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International Socialism, January 1978


Mike Rossiter

Multinational Power


From International Socialism (1st series), No. 104, January 1978, p. 31.
Transcribed by Christian Høgsbjerg, with thanks to Sally Kincaid.
Marked up by Einde O’Callaghan for ETOL.


Storm Over the Multinationals
by Raymond Vernon
Macmillan £10 Hardback

This book, produced with the aid of the multi-million dollar resources of the Graduate School of Business Administration at Harvard, is very disappointing, although about a topic that merits and only occasionally receives serious study.

Multinational companies operate in more than one country, and Vernon is quick to point out that this includes thousands of companies from just about every country in the world. The largest of them however are all based in the USA or Japan and it is these companies, along with the multinational banks, that have been responsible for the growth of productive capacity worldwide, and the major increases in world liquidity.

Responsible for the organisation of production in countries on a world-wide scale, moving vast sums of money around the world, their activities increasingly conflict with the old existing financial and legal structures of the nation state. Regrettably this book takes an utterly complacent view of the effect of multinational companies. One example will have to do because of space, but dealing with the effect multinational currency transactions can have on the exchange markets markets Vernon says,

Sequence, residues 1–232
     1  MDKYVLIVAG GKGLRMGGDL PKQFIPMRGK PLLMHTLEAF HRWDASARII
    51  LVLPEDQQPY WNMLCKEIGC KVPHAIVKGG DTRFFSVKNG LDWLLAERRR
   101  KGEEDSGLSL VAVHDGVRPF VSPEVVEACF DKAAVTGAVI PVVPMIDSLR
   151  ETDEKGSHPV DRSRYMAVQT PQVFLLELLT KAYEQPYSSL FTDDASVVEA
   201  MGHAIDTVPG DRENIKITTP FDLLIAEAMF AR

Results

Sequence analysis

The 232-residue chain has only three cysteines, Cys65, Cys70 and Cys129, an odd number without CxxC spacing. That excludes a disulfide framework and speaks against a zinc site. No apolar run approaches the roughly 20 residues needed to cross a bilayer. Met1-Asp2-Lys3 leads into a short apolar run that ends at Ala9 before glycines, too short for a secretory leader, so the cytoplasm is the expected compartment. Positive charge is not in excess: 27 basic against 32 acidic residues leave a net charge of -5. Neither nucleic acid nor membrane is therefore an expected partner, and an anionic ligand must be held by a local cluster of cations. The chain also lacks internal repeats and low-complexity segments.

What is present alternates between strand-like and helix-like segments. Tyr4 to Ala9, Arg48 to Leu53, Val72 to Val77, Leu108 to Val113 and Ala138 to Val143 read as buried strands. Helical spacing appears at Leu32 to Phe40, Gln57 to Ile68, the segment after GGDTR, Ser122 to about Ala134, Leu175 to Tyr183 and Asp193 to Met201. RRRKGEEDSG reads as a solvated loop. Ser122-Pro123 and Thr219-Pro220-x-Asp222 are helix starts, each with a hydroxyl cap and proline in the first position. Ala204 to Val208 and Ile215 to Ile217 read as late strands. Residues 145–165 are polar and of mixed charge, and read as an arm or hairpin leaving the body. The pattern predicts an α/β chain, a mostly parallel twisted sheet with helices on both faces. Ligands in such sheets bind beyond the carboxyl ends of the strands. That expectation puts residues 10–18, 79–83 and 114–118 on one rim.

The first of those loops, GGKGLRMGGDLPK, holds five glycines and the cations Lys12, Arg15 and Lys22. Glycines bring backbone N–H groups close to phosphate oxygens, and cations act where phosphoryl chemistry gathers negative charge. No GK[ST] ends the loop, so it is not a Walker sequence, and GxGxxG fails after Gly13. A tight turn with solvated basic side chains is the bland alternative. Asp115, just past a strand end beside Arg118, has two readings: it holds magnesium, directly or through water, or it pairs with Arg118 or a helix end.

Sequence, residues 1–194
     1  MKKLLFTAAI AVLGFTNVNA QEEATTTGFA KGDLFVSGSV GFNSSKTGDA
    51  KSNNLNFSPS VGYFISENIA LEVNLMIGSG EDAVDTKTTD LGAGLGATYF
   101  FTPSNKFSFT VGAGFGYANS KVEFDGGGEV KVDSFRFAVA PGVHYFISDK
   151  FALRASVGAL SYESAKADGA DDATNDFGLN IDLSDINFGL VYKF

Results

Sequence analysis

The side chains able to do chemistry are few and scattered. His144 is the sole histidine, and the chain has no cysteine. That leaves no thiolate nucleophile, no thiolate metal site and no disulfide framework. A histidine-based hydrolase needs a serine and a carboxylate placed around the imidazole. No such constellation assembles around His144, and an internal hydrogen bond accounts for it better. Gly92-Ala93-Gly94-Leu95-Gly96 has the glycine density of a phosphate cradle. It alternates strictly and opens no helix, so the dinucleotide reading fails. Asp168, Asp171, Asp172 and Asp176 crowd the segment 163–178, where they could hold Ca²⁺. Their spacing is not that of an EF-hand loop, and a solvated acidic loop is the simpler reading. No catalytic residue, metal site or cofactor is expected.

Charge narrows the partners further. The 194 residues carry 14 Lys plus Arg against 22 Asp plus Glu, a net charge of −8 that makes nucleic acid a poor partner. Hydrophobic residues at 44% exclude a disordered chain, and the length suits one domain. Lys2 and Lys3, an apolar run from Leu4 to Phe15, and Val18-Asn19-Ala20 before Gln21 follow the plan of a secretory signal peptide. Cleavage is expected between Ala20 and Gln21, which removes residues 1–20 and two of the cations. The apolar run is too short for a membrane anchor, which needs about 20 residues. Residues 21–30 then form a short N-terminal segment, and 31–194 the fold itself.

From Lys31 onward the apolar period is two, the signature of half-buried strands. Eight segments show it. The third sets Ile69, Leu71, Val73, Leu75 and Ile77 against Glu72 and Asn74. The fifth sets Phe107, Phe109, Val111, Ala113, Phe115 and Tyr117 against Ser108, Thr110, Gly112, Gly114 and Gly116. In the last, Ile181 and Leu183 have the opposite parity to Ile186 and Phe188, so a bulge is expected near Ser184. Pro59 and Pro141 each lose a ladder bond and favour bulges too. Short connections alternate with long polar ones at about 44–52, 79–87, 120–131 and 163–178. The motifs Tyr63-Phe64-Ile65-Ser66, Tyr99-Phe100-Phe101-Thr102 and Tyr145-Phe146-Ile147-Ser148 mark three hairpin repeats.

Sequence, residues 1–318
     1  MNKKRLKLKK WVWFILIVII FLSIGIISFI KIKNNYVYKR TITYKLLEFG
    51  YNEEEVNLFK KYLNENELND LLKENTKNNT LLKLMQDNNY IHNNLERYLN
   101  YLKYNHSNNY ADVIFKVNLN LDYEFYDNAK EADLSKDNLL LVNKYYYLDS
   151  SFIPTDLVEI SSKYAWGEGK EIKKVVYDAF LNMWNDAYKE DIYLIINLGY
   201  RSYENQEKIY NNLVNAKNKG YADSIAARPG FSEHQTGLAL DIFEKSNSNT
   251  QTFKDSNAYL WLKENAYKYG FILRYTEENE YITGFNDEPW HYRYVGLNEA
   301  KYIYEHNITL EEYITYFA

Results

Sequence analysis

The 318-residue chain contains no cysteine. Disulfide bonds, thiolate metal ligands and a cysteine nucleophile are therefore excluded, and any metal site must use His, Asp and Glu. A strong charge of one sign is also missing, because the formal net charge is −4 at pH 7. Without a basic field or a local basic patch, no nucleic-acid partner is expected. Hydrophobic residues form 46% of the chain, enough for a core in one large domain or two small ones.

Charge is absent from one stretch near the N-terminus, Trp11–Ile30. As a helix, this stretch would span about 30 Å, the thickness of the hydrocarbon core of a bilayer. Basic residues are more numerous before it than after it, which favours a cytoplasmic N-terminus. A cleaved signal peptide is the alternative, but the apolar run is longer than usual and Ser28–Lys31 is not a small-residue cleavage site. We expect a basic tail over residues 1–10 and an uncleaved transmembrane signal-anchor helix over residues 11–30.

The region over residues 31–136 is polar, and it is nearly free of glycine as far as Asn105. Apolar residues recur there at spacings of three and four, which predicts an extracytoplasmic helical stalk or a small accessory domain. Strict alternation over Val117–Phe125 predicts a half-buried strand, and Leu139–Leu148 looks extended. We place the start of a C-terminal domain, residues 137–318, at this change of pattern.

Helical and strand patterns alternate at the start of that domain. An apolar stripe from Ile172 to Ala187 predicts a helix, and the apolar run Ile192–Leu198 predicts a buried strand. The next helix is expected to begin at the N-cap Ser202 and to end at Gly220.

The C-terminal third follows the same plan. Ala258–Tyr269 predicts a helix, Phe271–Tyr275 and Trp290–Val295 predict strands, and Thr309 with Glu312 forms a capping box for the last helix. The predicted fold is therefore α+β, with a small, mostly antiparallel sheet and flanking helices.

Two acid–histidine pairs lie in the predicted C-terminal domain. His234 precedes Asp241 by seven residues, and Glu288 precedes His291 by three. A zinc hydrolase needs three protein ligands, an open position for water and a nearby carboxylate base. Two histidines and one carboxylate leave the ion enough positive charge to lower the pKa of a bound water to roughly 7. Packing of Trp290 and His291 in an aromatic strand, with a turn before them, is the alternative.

‘But neither study finds that multinational enterprises systematically reduced their exposure in currencies that appeared weak.’

A recent article in Business Week (12 September 1977) pointed out that at times in 1976 as much as 2 billion dollars a day was being removed in cash from France by corporations. The article is wide ranging and deals with the many ways of quickly transferring funds out of France if the left coalition were to win the 1978 election. The opinions of several corporate treasurers are canvassed, and all assume that they have to reduce their company’s exposure to depreciation of the Franc. The article ends with the following,

‘US treasurers in France are loath to share their strategies with anyone, “This is a game where one guy’s gimmick gives him the advantage. If you talk about it you lose the advantage.”’

I think Business Week lives in the real world. The kindest thing I can say about Raymond Vernon is that he has been an academic for too long. Don’t buy his book.

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